Holland said he was briefed on the issue by team staff just before his season-ending media address on Wednesday.
Bear’s girlfriend Lenasia Ned said on social media that the defenseman “has received a lot of racist messages and comments” following the Oilers’ four-game series loss to Winnipeg in the first round of the playoffs in the NHL.
The Jets tied Game 4 at 3-3 after a Bear roll, with Winnipeg ultimately winning in triple overtime. The 23-year-old bear is from the Ochapowace Nation in southern Saskatchewan.
“He is a great role model for all young athletes, especially in the Aboriginal community,” said Holland. “He gives time to the community. It is popular in the locker room. … I feel sick for him, I am disappointed for him that he gets this kind of abuse. I think we have made progress, but there is a long way to go to create a world in which everyone feels safe and where they do not experience this kind of racism and abuse.
Holland said he planned to contact Bear.
“I am 65 years old. I don’t live in this world of social media, ”he said. “I want to talk to our PR managers… and see what we can do as an organization to try to make sure that doesn’t happen in the future. “
Bear, with Ned by his side, raised the situation with a statement in a two-minute video posted to social media later Wednesday.
“I know this doesn’t represent every Oilers fan or hockey fan, and I greatly appreciate your support and love during this time. I am here to resist this behavior, these comments, ”he said. “I’m proud of where I’m from, I’m proud to be from the Ochapowace First Nation. I’m not doing this just for myself, I’m doing this for all people of color, I’m doing this for the next generation, to help make the change to love each other, to support each other, to be kind towards each other. There is no place for racism in our communities, in sport or in our workplace.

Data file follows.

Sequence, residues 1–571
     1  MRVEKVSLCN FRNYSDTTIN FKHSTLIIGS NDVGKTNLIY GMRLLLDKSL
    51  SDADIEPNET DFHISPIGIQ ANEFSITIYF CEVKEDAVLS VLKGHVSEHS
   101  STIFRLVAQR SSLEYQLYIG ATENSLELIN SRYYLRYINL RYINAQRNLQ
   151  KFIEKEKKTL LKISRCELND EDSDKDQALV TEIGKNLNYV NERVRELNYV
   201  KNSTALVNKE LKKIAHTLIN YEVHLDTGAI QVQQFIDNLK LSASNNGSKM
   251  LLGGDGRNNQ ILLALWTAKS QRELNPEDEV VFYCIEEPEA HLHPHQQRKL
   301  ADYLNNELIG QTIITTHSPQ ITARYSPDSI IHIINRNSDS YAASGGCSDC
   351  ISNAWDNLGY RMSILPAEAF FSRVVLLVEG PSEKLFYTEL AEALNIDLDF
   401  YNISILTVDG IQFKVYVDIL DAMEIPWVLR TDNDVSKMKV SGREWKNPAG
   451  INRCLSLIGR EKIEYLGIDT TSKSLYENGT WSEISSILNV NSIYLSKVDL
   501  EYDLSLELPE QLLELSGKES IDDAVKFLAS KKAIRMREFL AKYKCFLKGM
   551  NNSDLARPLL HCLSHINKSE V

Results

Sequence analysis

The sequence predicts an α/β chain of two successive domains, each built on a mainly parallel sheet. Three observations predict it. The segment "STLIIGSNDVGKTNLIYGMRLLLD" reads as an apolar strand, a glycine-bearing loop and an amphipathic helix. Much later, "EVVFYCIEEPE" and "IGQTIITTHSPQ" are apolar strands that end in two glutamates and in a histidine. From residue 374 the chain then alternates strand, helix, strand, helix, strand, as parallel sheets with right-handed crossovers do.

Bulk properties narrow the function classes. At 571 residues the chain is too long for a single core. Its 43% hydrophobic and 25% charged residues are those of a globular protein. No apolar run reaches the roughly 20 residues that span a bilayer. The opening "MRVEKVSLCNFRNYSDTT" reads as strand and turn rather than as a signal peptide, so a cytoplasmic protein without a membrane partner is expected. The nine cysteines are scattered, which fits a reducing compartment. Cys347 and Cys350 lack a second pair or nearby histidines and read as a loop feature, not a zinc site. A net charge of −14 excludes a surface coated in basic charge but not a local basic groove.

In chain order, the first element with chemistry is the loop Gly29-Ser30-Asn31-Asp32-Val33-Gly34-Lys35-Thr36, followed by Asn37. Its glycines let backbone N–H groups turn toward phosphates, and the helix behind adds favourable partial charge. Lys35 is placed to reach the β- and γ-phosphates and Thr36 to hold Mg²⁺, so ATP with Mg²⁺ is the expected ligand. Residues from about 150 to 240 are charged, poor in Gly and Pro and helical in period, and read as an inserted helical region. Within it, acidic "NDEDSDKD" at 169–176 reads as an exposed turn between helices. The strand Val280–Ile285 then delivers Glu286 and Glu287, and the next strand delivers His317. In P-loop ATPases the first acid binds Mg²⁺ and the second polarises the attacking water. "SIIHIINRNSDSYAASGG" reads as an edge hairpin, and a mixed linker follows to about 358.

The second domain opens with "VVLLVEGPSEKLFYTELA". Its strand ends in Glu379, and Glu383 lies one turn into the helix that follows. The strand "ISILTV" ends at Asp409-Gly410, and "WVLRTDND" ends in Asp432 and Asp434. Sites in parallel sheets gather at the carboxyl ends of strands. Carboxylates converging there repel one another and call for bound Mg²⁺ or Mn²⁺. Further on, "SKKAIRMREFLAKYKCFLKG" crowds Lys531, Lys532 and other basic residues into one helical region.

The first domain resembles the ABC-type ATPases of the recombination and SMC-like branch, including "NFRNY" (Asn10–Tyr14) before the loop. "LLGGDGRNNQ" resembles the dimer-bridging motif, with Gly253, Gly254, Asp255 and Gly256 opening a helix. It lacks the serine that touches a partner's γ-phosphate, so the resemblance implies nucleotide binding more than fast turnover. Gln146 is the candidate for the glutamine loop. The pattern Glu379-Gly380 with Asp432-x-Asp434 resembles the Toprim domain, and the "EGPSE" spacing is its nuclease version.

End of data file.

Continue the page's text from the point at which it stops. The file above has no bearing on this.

“I call on all of us to make changes and end racism. “
The Oilers followed Bear with their own statement, saying:
“The Edmonton Oilers Hockey Club is equally disappointed with these disgusting, cowardly and racist remarks. While we have seen progress in the area of equality and inclusion, this reprehensible behavior shows that we still have important work to do. We call on everyone at Oil Country to stand up to racism, speak out against hatred and do their part to make our community a community of acceptance, inclusion and respect. “
The NHL also released a statement on Twitter later Wednesday.
“Ethan Bear represents both our sport and his Aboriginal heritage with dignity and pride,” said the NHL. “He and all people of Aboriginal descent deserve to feel empowered and respected on and off the ice. We are alongside Ethan and his family to speak out against hatred. “
The Treaty 6 First Nations Confederacy said in a statement it was appalled by the racist comments.
“We all have a responsibility to speak out against racism in all circumstances and to call on those involved to stop,” said Grand Chief Vernon Watchmaker. “We are aware that racism is hurtful and that it has gone on for too long.”
Oilers captain Connor McDavid has also shown his support for Bear.
“Racist comments directed at our teammate and our brother Ethan Bear are not acceptable,” McDavid said. “People who spit out this kind of hate should think twice about their behavior. On behalf of all of my Oiler teammates, we are firmly behind Ethan and against racism of any kind. “
Bear has played 43 games this season, as well as all four playoff games, recording major minutes on the Oilers blue line. In the regular season, he averaged 17:58 on the ice, finishing with two goals and eight points.
The Associated Press contributed to this report.